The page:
It has been almost a year since six elephants from Swaziland landed in Wichita.
Would they get along with Stephanie, the zoo’s only other elephant? She was 44 years old then, and her longtime companion, Cinda, had died in 2014.
Could zookeepers blend three family units into one?
The answer to both of those questions: You bet.
Stephanie has since become the matriarch of the Reed Family Elephants of the Zambezi River Valley exhibit at the Sedgwick County Zoo. The youngsters look to her for guidance and direction, and she often utters deep, low roars of contentment.
Stephanie had not been in an elephant herd since she was 2.
“When we were able to get them all together, it was honestly – there were some tears flowing,” said Ryan Gulker, deputy director of the Sedgwick County Zoo. “It was very emotional to see Stephanie come together with the group.
“One of the elephants took a shine to her, trying to touch and smell her, and Stephanie reciprocated. We put more elephants in with her. It was like they had been together for a very long time.”
And now those six younger elephants have learned to perform tasks through behavior modification techniques.
Working together, living wild
This week, Lauren Ripple, the zoo’s elephant manager, and Jamie Martin and Micaela Atkinson, elephant care professionals, worked on basic maintenance skills with 6-year-old Talia.
As the keepers worked with Talia, Xolani stood behind another partitioned wall and mimicked what she was seeing Talia do.
The elephants, Ripple said, are constantly watching, observing. They are acting as a family.
“The way elephants used to be kept at zoos were in pairs, a couple of females, maybe three,” she said. “That was the standard practice for a long time. And it is different than what we do now.”
Under the old way, keepers spent a lot of time with the elephants and almost became part of their “herd.”
Now, keepers spend minimal time with the animals, and the elephants spend the rest of their day in a more natural habitat and setting.
“It’s like nature intended,” Gulker said. “They come from the wild where there were cows, bulls, calves – old ones, young ones. This is what an elephant society is about. It is family oriented.
“They all have roles to play and behave differently than what I would have called a zoo elephant in the past.”
Learning new things
Spurred by a dog whistle and treats of fruit, Talia worked on presenting her ear, front feet and trunk to the zookeepers.
Presenting the ear through the bars allows the opportunity for blood to be drawn safely, feet can be examined for sores or for nails to be filed, and the trunk can be tested for tuberculosis and other diseases.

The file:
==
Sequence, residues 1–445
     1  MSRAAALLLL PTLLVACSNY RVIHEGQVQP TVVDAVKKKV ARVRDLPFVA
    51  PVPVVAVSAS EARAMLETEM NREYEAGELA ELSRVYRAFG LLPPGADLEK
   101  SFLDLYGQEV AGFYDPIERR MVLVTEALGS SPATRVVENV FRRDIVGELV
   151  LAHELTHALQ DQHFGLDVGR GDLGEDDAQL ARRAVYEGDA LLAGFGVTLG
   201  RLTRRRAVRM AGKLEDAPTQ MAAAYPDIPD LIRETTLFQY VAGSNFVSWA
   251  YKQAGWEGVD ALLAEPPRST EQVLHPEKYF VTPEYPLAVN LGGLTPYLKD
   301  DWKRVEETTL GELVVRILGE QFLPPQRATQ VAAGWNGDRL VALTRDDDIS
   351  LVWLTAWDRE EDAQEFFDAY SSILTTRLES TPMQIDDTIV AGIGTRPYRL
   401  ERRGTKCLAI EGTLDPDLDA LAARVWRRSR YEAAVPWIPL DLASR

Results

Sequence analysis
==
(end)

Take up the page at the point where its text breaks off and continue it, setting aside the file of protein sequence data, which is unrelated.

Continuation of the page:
But each skill is done incrementally, with larger doses of positive reinforcement and treats.
“You break everything down,” Ripple said. “To get her used to blood draws, the first step was to get them to put their ears out, get them used to somebody touching them, then alcohol, then the needle.”
The first blood draw on Talia was successfully done Tuesday.
“With the alcohol swab, the veins become more prevalent, and we will be able to do monthly blood work to track her white blood cell count, her vitamin level, minerals and things like that,” Ripple said. “And, in the future, we will take those weekly for three to six months to accurately track her cycles so we will know when the good times will be to breed her. She is our youngest; she still has another three to four years before she begins cycling.”
The average gestation of an elephant is two years. Male elephants can begin mating at age 11, but preferably at 13 to 14. Female elephants breed at 9 to 10 years old.
Zoo officials are hoping that within the next five years, there will be baby elephants in the herd, Gulker said.
For now, Talia stood patiently as her front feet were scrubbed and her nails were briefly filed.
The elephants’ weight is also regularly monitored. Talia is the lightweight, coming in at 2,710 pounds. The other four juvenile elephants weigh between 3,000 and 3,600 pounds. Stephanie is the heaviest at 7,300 pounds.
“She needs to lose about 500 pounds,” Ripple said.
How do you get a 3-ton elephant to go on a diet? Gingerly, because there is no Jenny Craig for elephants.
“The easiest way for an elephant to lose weight is to modify diet and increase exercise,” Melissa Graham, spokeswoman for the Sedgwick County Zoo, wrote in an e-mail to The Eagle. “Sounds a little familiar doesn’t it!
“For modifying the diet, the amount of grain can be reduced and the type of hay can be changed to a lower protein content hay.”
Elephants at the Sedgwick County Zoo
▪ Stephanie: A 45-year-old elephant who is one of the longest living and most beloved residents at the Sedgwick County Zoo.
The six other elephants arrived at the zoo on March 11.
▪ Simunye (pronounced sim-un-ya): An 18- to 20-year-old female whose name means “we are one.”
▪ Titan: A 6- to 7-year-old male whose name means “defender.” He’s the son of Simunye.
▪ Arusi (uh-ROO-see): A 6- to 7-year-old female elephant whose name means “the sun” or “born at the wedding time.”
▪ Zuberi (zuw-beh-riy): A 7- to 8-year-old female whose name means “strong.”
▪ Xolani (zo-lani): A 6- to 7-year old female whose name means “peace.”
▪ Talia (ta-lia): A 6- to 7-year old female whose name means “dew of heaven.”